N. Cowichan shifts tax hike to businesses

It took them more than an hour of heartfelt debate April 30 to finally reach a decision but North Cowichan councillors chose to give homeowners a slight tax break – at the expense of the business and industrial taxpayers.

Residential taxpayers are facing an increase of 2.98 per cent in 2015.

The general municipal taxes on a $200,000 home will be $913.18 while on a $300,000 home they will be $13,69.77 and on a $600,000 home, they will be $2,739.54.

However that choice means the business and industrial communities will have to pick up the slack.

And that was the cause of a lot of passionate discussion in the council chambers at the sparsely attended special budget meeting last Thursday evening.

Coun. Kate Marsh led the charge on behalf of the businesses, with support from Coun. Maeve Maguire and Mayor Jon Lefebure but she met stiff opposition from her colleagues Tom Walker, Joyce Behnsen, Rob Douglas and Al Siebring.

They wanted some reasonable respite for the residential taxpayer and waded in with strong arguments when Marsh pointed out the dire state of many small businesses.

At issue was whether or not to distribute a 3.22 per cent municipal tax increase evenly across all classes of properties (Option 1) or to set the residential tax increase at 2.98 per cent and 3.7 per cent on all other classes (Option 2).

Another choice (Option 3) dropped the rate on light industrial and increased all the other classes 3.7 per cent in an effort to make North Cowichan more attractive to light industrial investors. However, no one wanted to talk at length about that now, preferring to address that subject later this year.

They had plenty to discuss even without that, however.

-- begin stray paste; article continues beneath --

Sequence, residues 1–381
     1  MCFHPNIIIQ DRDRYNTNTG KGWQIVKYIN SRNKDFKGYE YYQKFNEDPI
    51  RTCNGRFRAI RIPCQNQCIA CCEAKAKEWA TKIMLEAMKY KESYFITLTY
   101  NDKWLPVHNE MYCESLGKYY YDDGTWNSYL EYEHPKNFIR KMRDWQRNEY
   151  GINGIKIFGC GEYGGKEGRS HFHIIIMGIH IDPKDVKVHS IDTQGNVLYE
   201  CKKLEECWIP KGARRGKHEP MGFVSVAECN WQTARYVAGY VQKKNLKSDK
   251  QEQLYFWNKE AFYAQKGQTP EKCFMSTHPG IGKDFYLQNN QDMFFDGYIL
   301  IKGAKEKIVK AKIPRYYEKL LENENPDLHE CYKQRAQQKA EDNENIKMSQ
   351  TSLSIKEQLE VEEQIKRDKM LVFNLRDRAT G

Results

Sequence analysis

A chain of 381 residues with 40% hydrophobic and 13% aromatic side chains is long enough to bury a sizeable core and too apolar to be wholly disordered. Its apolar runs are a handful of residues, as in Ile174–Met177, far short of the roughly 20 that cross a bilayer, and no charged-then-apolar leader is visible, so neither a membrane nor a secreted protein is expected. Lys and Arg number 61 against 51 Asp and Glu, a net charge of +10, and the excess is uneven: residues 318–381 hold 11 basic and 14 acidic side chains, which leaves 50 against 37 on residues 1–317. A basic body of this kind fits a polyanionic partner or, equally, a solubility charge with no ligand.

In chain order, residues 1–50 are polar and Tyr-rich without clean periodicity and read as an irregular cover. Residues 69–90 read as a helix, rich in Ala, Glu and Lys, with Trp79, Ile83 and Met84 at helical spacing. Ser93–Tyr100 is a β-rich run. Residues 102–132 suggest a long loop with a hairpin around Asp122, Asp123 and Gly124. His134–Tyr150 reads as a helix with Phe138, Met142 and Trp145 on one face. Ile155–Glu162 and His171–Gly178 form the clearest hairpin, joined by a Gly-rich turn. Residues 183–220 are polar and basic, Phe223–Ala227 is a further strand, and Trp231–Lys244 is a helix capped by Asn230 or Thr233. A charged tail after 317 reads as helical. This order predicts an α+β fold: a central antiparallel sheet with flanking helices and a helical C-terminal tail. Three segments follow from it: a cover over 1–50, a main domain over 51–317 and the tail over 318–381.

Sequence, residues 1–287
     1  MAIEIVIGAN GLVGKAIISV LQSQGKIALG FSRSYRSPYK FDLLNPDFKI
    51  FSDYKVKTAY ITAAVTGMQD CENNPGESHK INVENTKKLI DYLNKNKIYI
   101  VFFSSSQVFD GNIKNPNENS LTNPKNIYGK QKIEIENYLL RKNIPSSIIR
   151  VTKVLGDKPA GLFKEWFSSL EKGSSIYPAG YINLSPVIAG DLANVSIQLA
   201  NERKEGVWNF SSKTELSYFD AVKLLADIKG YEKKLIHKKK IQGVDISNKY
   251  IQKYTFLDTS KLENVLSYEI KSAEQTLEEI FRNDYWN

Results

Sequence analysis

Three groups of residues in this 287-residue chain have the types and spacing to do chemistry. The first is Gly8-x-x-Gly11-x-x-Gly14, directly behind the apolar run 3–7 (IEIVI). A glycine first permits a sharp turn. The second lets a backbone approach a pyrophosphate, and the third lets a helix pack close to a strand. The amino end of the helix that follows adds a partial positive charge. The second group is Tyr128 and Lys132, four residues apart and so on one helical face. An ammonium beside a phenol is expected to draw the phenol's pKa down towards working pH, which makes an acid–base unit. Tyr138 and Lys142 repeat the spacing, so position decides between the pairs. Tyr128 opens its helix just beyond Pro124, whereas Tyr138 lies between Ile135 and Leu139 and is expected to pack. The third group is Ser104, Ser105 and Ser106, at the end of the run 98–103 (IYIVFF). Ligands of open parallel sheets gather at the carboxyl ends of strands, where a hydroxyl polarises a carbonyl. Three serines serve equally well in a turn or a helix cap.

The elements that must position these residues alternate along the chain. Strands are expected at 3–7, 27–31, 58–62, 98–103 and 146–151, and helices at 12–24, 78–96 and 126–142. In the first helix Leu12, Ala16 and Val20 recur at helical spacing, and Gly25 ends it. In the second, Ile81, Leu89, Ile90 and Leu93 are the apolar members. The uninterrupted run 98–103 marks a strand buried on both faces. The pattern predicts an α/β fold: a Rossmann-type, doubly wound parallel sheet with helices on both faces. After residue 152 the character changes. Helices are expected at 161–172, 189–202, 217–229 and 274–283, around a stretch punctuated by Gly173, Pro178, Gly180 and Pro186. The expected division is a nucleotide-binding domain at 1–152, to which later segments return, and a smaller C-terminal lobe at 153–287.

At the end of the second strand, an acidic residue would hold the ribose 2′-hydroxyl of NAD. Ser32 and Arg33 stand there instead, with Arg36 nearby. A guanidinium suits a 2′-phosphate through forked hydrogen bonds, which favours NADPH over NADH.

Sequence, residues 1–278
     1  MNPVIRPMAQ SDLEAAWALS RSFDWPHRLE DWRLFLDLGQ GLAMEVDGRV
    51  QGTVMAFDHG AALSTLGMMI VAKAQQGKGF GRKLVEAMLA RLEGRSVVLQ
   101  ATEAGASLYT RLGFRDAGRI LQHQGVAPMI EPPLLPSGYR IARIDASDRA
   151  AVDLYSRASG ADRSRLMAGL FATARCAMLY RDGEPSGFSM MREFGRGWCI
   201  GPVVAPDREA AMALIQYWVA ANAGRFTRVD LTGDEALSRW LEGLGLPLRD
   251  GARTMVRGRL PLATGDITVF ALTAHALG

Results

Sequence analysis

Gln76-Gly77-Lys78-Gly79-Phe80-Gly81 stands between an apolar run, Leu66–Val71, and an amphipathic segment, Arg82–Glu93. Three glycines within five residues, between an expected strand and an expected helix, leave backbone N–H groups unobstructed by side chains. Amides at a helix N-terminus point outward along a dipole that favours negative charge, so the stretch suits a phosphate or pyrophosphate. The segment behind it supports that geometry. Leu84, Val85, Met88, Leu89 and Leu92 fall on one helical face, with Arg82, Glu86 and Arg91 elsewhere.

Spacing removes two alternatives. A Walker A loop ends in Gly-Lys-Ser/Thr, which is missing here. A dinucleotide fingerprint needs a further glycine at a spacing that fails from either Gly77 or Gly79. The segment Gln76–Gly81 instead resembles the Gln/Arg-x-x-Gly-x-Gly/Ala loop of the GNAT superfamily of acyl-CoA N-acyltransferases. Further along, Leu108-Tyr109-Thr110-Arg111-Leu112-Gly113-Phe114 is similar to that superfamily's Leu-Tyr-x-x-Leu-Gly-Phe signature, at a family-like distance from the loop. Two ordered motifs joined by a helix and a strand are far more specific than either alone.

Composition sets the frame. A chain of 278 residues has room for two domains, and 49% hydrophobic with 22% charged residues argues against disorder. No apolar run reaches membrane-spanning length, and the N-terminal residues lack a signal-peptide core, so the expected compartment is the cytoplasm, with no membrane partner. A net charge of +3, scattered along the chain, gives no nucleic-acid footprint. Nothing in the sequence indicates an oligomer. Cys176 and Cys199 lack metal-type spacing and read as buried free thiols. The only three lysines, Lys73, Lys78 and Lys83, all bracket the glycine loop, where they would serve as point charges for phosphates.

Coun. Joyce Behnsen said she still thought there was half a million dollars in the budget that could be spent more wisely.

She was referring to $420,000 earmarked for a sidewalk along part of Lane Road and $75,000 for another dog park.

"I don’t believe we should be increasing taxes," she said.

Coun. Rob Douglas also backed Option 2, but was ready to listen to municipal staff ‘s concerns about attracting more investment.

"Would it (Option 2) hurt our competitiveness?

I don’t think so. Not for heavy industry anyway. We’d still be third or fourth lowest. And we’re one of the lower business rates on the Island compared to other municipalities. The lion’s share of this will fall on a handful of properties. It’s not ideal, but it’s quite a small amount for most businesses. We need a bigger conversation about light industry. That’s goes beyond tweaks in the tax rate," Douglas said.

Coun. Al Siebring also recognized that helping homeowners would hit industry.

But he reminded council that homeowners had been asked to step up when Catalyst’s mill was in financial trouble only a few years ago.

"This is not a big increase for Catalyst. This is a small way of trying to regain what we gave up to help them," he said.

Coun. Tom Walker said council needed "to show we care about homeowners. Many homeowners are now struggling. We keep talking about the average house but I have trouble finding it."

He suggested that seniors, in particular, are not financially well placed to deal with increases in their taxes, while businesses could write off an increase.